Ha! Little did they know, right?
Dave went on to have not only one of the most successful careers as a jazz musician, but led a happy life with his wife, children and several grandchildren. Shy and introverted, he was also ‘bothered’ that Time magazine featured him on its cover before featuring composer, pianist and big-band leader the mighty black Jazz legend Duke Ellington.
Goodbye, Dave Brubeck…..Thank you for your genius and sharing your gift with the world.
Here’s Brubeck ‘taking the A train’…
And Oscar Niemeyer, too….(15 December, 1907 – 5 December 2012)
And while I was writing this, I found that one of the luminaries of modern architecture the great Brazilian architect Oscar Niemeyer had passed away just a few hours ago. He was 104….married to his first wife for 76 years till her death, and then marrying his long-time aide at the age of 99. Another accomplished life, filled with innovation, going against the grain and a full, dynamic spirit. He leaves behind five grandchildren, seven great-grandchildren and thirteen great-great grandchildren.
For a period in his life, Oscar was forced into exile in Europe and his office pillaged during the time of the military dictatorship in Brazil due to his fiercely leftist views.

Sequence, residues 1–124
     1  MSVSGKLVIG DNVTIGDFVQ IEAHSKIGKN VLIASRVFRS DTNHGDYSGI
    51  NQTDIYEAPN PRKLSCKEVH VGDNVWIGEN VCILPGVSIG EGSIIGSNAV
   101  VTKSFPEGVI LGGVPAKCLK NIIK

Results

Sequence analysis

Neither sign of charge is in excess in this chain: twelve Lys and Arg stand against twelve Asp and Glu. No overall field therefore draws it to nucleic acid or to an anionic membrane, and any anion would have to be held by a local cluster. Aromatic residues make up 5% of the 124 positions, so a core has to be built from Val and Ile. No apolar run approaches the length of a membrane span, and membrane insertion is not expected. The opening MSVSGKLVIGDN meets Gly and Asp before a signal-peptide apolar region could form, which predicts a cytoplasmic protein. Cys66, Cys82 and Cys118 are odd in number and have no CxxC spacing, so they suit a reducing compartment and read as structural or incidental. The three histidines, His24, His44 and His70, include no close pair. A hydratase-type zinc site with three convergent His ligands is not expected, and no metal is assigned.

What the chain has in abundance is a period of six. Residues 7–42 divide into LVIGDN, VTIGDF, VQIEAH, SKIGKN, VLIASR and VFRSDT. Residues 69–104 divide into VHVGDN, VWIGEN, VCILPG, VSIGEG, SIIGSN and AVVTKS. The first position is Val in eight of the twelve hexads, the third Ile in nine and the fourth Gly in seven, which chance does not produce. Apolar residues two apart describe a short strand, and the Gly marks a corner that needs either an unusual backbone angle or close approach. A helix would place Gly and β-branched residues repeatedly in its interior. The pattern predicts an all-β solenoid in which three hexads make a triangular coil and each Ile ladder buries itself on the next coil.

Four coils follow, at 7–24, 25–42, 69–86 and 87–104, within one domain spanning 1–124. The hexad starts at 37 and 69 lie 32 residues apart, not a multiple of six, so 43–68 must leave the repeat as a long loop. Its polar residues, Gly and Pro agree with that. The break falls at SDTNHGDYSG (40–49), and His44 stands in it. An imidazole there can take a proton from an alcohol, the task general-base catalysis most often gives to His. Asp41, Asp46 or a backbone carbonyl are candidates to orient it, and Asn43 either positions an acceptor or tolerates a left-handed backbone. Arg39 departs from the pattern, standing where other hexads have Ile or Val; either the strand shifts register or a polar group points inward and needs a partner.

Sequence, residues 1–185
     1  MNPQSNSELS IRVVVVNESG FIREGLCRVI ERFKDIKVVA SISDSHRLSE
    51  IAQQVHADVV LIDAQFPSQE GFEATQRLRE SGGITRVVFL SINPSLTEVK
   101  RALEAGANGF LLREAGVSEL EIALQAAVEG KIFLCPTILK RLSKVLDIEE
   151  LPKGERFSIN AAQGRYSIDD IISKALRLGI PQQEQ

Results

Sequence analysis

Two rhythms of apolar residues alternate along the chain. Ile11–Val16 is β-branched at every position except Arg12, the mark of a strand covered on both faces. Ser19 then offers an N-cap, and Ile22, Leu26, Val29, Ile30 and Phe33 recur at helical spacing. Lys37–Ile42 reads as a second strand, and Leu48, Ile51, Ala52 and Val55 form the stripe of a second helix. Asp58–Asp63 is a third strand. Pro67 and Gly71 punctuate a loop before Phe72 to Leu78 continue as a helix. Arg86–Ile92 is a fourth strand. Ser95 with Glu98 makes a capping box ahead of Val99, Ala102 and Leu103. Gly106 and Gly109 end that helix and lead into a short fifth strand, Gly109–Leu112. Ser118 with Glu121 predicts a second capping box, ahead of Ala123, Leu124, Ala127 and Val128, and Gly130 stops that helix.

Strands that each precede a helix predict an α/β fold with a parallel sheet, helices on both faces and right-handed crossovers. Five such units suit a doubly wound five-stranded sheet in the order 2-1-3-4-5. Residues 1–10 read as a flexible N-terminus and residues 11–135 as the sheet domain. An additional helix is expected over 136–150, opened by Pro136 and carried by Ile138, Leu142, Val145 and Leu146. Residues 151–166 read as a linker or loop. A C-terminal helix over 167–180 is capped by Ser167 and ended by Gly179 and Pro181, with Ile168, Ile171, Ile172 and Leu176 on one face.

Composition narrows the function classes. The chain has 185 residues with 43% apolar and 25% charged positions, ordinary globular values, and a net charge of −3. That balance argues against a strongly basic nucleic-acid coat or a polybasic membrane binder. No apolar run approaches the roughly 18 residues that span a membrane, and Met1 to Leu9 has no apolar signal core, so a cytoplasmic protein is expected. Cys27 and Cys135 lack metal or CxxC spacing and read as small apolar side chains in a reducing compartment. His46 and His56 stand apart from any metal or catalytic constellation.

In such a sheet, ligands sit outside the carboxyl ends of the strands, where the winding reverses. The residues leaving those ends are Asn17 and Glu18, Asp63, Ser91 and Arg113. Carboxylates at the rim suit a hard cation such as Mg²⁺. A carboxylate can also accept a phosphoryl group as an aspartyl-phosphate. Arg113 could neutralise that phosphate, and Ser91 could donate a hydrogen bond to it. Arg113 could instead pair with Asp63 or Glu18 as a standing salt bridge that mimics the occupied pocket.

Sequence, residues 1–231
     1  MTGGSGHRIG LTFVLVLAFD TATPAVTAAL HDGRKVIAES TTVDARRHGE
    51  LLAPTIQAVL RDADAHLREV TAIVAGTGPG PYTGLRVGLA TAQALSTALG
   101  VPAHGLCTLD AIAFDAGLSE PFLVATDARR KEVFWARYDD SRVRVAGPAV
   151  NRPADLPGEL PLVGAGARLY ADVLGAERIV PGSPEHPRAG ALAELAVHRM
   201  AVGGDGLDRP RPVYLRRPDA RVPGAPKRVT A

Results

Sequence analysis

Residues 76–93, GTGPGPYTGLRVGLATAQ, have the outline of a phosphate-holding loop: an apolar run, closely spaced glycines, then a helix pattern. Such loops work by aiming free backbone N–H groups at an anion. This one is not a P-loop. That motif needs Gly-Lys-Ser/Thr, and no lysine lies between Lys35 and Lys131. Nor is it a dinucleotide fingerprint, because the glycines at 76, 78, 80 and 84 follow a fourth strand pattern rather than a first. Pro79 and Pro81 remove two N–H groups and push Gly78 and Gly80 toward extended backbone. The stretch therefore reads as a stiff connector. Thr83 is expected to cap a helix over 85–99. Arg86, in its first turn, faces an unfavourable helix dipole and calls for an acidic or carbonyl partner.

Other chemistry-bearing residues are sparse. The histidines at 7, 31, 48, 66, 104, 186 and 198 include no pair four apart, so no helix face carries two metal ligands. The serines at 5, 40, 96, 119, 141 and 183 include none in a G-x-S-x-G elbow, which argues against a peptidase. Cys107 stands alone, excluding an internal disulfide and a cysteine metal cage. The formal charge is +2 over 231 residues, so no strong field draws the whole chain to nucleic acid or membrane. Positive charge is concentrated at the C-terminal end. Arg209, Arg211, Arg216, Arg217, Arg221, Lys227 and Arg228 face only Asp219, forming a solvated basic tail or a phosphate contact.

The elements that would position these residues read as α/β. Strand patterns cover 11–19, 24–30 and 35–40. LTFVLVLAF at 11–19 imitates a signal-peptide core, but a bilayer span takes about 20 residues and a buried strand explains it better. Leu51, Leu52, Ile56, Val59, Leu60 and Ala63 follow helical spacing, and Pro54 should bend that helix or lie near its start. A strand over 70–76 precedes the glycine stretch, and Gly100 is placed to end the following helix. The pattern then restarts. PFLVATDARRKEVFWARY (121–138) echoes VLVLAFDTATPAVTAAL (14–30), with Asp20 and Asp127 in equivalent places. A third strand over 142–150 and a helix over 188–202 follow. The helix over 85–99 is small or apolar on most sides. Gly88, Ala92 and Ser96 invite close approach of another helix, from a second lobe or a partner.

Here are some quotes and interesting facts about Oscar:
Niemeyer had always claimed to be a staunch atheist, basing his beliefs both on the “injustices of this world” and on cosmological principles: “it’s a fantastic Universe which humiliates us, and we can’t make any use of it. But we are amazed by the power of the human mind […]. In the end, that’s it – you are born, you die, that’s it!”. Such convictions never stopped him from designing religious buildings, which spanned from small catholic chapels, through orthodox churches and large mosques. He was also sensible to the religious experiences of the believers who use his buildings. In the Cathedral of Brasília, he intended the large glass openings “to connect the people to the sky, where their lord’s paradise is.”
Niemeyer was most famous for his use of abstract forms and curves that specifically characterize most of his works; he didn’t stick to traditional straight lines, for unlike many modernists of his time he was not attracted to straight angles or lines but rather captivated by ”free-flowing, sensual curves… [like that] on the body of a beloved woman.”